Los Angeles schools chief John Deasy fired back at critics questioning the integrity of the process behind a $30 million contract with Apple and Pearson.


A 1989 report on schools' technology planning featured some long-forgotten devices and terminology, but many familiar concerns.


Perceived conflicts of interest, possible manipulation in the bidding process, and questions about Pearson's curriculum are addressed in a review of the L.A. school system's iPad purchase.


The curriculum, released this week, is the first in a series of lessons and resources to be released by the nonprofit over the next 18 months.


Schools Superintendent John Deasy said the district will launch a new bidding process and "no longer utilize our current contract" with Apple.


David Wiley, a supporter of open-educational resources, argues that the free materials easily top commercial resources when judged by "learning outcomes per dollar."


Computerized essay-scoring may actually be more effective in changing student behavior than human scoring, Annie Murphy Paul wrote recently in the Hechinger Report.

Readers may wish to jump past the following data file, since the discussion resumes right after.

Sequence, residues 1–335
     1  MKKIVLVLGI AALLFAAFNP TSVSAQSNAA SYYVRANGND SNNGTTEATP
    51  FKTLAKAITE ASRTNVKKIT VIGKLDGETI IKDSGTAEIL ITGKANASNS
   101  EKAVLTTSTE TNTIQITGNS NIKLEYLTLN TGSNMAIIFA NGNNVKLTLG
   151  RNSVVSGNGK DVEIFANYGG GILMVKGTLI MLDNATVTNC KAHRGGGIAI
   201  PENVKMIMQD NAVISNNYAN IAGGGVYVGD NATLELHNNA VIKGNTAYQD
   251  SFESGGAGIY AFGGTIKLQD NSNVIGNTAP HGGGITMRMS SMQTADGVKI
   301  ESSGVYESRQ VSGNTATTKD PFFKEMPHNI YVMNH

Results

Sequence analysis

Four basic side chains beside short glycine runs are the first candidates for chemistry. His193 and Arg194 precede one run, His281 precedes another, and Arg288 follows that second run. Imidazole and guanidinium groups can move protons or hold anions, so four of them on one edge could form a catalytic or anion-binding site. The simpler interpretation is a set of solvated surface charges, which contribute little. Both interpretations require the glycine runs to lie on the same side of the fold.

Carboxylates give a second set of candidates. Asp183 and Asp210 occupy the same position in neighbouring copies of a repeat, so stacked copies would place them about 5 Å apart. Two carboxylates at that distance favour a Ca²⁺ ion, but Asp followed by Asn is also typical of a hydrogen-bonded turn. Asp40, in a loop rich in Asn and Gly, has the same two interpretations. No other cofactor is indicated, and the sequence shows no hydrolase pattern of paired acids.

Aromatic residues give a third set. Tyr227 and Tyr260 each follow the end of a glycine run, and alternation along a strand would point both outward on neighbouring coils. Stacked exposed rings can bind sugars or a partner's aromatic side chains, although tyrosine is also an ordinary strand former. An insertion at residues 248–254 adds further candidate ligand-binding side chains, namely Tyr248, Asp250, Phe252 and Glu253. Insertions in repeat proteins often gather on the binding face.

Middle school students designed apps that help charities, and others that assist individuals with vision impairment and speech disorders.


Arkansas officials now believe they can meet national school-connectivity goals by reprogramming existing funds and better leveraging federal E-rate dollars.


Back-to-school is the focus of a "conservative shopper app" that helps consumers find companies whose donations and advocacy align with their political beliefs.


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